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Review: Ihsahn – Telemark

Long gone are the days of Emperor. Even though the band has been playing shows on a yearly basis since their second reunion back in 2014, when they celebrated the 20th Anniversary of their debut LP, In The Nightside Eclipse, the possibility of a fifth studio album by the legendary black metal giants is closer to zero than anything else. That doesn’t mean, however, that its band members haven’t engaged in the underground metal scene since the cessation of Emperor’s studio activities, of which the most well-known is certainly Ihsahn‘s solo career. Following the initial defunction of the legendary black metal band, Ihsahn has been putting consistent work in the studio, releasing a myriad of records that served as a spiritual sucessor of sorts to his previous band. That may have been what many thought in the beginning, but nowadays, Ihsahn’s solo project has evolved beyond that feeling of succession and became something as grand or perhaps, even grander. After the release of Àmr two years ago, it seemed certain that Ihsahn would continue to stray further and further from his black metal roots but we were wrong. With this brand-new EP, Telemark, the first of two five-track releases dedicated to his homeland, Ihsahn reaches deep into his black metal days and brings back the harsher and colder musical elements that made him a famous player in the genre, and mixes them together with the more progressive nuances and harmonies that have been present throughout his solo career.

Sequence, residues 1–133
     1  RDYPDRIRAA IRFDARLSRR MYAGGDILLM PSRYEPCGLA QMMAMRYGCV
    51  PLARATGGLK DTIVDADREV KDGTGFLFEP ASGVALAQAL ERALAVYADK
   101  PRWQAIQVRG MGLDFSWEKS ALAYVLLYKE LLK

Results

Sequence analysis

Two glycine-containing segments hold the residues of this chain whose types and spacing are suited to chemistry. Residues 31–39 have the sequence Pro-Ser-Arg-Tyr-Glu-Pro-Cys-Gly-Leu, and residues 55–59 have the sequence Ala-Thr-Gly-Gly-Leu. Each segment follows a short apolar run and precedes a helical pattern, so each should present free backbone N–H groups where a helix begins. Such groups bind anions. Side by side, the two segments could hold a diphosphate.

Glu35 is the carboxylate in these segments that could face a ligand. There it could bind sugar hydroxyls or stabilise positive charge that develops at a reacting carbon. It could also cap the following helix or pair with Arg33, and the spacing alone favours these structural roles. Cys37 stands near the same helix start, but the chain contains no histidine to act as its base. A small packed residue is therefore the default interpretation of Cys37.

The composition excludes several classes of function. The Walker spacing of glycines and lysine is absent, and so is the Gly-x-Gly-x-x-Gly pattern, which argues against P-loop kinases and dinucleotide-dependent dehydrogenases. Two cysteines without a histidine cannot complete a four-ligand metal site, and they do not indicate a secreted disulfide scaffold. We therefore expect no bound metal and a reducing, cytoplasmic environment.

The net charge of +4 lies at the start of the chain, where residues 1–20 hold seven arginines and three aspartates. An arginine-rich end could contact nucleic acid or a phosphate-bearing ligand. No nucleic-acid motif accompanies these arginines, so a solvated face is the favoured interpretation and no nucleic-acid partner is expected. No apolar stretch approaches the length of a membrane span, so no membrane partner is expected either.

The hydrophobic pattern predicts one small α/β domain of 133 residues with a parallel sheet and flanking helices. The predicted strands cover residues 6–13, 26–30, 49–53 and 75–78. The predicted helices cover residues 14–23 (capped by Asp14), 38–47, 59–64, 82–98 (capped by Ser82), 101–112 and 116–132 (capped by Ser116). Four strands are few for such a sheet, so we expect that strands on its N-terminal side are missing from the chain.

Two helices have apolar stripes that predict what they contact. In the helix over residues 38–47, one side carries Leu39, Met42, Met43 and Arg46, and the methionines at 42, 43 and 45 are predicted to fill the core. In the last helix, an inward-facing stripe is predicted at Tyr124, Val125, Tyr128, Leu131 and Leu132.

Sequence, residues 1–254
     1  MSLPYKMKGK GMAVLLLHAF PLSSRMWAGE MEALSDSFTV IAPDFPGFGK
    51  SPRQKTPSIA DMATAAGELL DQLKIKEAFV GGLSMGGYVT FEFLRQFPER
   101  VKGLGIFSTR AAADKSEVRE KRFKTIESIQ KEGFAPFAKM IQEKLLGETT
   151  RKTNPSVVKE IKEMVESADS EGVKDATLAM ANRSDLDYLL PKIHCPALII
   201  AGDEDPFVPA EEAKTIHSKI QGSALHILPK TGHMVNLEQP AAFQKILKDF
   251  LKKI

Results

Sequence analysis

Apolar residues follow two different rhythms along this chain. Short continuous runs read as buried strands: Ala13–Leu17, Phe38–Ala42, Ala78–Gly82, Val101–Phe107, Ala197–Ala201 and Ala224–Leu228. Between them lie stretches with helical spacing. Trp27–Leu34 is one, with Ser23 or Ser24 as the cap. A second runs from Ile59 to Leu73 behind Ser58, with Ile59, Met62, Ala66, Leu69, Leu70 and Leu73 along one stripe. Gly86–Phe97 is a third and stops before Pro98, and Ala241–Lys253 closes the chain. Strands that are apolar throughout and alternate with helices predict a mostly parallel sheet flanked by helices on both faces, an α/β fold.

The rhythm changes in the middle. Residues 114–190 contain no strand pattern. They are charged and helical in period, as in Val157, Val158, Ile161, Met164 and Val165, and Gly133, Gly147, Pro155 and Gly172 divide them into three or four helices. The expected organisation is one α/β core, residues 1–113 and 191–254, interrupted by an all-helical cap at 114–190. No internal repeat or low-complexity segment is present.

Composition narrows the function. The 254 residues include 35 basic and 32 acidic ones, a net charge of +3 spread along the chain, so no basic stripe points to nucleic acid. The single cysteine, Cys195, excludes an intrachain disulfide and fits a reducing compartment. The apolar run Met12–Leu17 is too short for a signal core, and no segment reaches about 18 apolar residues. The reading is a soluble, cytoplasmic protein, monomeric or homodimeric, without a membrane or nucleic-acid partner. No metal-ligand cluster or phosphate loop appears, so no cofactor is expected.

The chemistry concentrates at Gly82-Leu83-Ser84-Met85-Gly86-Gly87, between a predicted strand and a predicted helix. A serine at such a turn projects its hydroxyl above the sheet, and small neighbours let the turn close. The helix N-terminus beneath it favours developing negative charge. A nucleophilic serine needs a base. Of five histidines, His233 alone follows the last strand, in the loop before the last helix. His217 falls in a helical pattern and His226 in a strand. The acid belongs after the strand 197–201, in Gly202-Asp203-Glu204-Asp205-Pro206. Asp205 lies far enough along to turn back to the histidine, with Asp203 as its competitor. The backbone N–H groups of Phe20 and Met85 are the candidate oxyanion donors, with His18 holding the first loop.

At its core, Telemark offers three brand-new tracks and two cover songs. While the cover songs are somewhat unnecessary for someone with such a rich career, they serve as a way of Ihsahn to honor the artists and bands that have influenced him over the years – this is, after all, an homage to his homeland and an homage to his whole musical upbringing. In this case, the songs “Rock and Roll is Dead” by Lenny Kravitz and “Wrathchild” by Iron Maiden are covered in a way that it almost seems like it was Ihsahn who wrote them and they have this feeling about them that is decidedly uncanny. They don’t stray much from the original versions – they are just a tad harsher and more dynamic, I’d say. They serve as a somewhat nice complement to the real stars of this EP, the trio of “Stridig”, “Nord” and the title-track, “Telemark”. Entirely sung in Norwegian as, according to Ihsahn himself, it hits closer to home, these tracks are, as mentioned above, both a continuation of his previous work and a nod back to his roots as a black metal musician. The composition on “Stridig” and “Nord”, for example, is very reminiscent of those old days, with Ihsahn molding what is a pure black metal riff – in the case of “Nord” -, into a more progressive and vivid melody, without removing any of its agressiveness. On the other hand, the title-track brings back those “saxophone meets progressive black metal” moments from After, which is not at all suprising considering Shining’s Jørgen Munkeby is featured on this EP.

All in all, Telemark serves the purpose for which it was created. It is both a tribute to his homeland and a collection of songs that goes through his career in rapid fashion. It is by no means Ihsahn’s best work but it stands as a reminder of the artist’s past, present and future, without depriving himself of any of the characteristics that made him the musician he his today. There are many artists who may look back to their careers and feel some sort of embarassment and will pinpoint you certain moments they wish they hadn’t done certain things. That’s not the case with Ihsahn, as the Norwegian maestro looks back into his past and grins, reliving the good ol’ days when appropriate, never looking back with disdain. If anything, Ihsahn merely takes in everything he has learned and put out over the years, and improves upon it. And that is something to aspire to.

Highlighted tracks: Stridig; Nord

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